A Heathrow spokesman told Exaro: “The current lighting on the Terminal 5 concourse is being replaced with environmentally friendly LED bulbs that will last for up to five years. Contingency lighting has been used on the concourse while a viable and safe solution of replacing the lights was being agreed.”
Heathrow will be hiring a team of high wire walkers to change the light bulbs that sit 120 feet-high along the ceiling of Terminal Five, after complaints from passengers.
The major bulb replacement task is expected to take nearly four months and cost several million pounds, according to an email sent to staff from Vicki O’Brien, head of Heathrow customer service at British Airways, the news website Exaro reports.
Sixty per cent of the 120,000 light bulbs at Terminal Five have blown yet not a single one has been changed since 2008, faced with “no viable way to replace them”, according to O’Brien.
Various ways of replacing them have been investigated, including gondolas and high-level cherry pickers, none of which were deemed “practical or safe”.
Following months of discussion, the airport has finally found a “safe and robust way to replace all of the light bulbs” using ‘Cirque du Soleil-style’ high-level rope work done by a specialist company.
The airport plans to re-lamp the entire ceiling of the departures concourse with environmentally-friendly LED (light emitting diodes) bulbs that will last up to five years, according to a spokesman for Heathrow.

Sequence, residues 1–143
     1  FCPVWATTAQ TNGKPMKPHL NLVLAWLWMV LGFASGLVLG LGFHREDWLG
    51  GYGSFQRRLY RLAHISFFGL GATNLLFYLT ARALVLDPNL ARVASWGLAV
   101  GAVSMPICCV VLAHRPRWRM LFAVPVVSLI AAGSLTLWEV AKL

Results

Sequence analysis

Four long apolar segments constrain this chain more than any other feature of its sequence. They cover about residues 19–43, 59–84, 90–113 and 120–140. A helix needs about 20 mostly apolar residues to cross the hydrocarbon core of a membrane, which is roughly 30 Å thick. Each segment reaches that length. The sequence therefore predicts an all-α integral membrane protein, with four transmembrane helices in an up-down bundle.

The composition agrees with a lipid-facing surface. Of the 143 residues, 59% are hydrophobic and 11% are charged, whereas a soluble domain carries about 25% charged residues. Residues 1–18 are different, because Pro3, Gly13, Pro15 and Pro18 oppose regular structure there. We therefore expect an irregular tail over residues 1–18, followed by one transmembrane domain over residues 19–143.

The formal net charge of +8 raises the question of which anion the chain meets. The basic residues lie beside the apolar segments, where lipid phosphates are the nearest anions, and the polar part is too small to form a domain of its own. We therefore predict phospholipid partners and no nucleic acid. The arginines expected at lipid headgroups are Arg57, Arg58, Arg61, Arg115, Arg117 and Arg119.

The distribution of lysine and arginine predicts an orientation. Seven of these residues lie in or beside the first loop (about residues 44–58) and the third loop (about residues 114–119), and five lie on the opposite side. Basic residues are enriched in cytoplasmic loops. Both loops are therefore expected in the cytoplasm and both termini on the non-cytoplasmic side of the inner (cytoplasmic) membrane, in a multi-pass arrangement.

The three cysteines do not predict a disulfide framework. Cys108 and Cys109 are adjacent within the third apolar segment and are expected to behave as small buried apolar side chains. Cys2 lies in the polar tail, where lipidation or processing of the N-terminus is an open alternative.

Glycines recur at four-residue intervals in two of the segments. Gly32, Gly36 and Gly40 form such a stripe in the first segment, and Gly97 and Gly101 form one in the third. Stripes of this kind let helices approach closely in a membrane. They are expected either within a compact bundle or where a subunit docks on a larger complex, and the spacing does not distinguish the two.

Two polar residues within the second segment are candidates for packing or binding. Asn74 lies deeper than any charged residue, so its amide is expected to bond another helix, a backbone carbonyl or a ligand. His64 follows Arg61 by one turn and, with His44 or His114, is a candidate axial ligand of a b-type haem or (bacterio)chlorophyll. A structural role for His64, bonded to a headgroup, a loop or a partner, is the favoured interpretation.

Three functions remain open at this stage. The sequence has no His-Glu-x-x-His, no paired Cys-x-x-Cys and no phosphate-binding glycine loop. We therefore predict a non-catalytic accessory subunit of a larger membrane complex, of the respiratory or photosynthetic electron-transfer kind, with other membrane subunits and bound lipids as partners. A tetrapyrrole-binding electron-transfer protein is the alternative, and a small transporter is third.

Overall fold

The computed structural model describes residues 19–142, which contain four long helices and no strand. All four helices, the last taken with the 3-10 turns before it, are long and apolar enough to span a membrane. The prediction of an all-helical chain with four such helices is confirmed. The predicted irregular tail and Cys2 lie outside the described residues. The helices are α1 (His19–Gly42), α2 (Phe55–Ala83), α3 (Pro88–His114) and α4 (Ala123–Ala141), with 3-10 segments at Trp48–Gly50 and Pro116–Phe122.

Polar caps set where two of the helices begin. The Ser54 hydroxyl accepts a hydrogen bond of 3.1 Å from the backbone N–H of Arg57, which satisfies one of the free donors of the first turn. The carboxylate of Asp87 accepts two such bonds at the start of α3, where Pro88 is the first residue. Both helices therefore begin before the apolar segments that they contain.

“Contingency lighting has been used on the concourse while a viable and safe solution of replacing the lights was being agreed,” he said.
The airport is also planning to replace the terminal’s “task lights”, following complaints from staff saying the work lights are not bright enough for viewing documents on their desks.
Heathrow’s Terminal Five currently houses the world’s largest controlled-lighting system, featuring 2,600 sensors designed to automatically switch off when no motion is detected.
Terminal Five’s opening in 2008 was overshadowed by baggage check-in problems, with 34 flights cancelled.
“….However, the practice said the need for high-wire specialists to replace downlights was a maintenance issue and not a design flaw: ‘The airport were presented with a number of options, which were discussed with them and their maintenance team, and they chose this design.’
A RSHP spokesman said the practice had been in discussion with the airport’s ‘world class maintenance team’ for many years leading up to the terminal’s opening in 2008 and both sides had always been aware of the issue.
The airport’s owners, Heathrow Airport Holdings (HAH) confirmed that it was taking responsibility for changing the bulbs but an HAH spokesman claimed all minutes and information relating to discussion with RSHP about the maintenance of the lights had been lost.
‘It was seven or eight years ago that this decision was made and there is no information as to what was agreed at that time,’ said the spokesman.
RSHP also strongly rejected claims in The Daily Mail that 120,000 downlighter bulbs would need to be changed at a height of 40m. ‘Their number is completely fabricated; it is nothing like that and more like under a 1,000 in the roof,’ said the spokesman.”
I guess rapid turnover of personnel means the loss of corporate memory ; no-one can remember how they were supposed to change light bulbs and the manufacturer’s instruction book/ facilities management manual has been lost………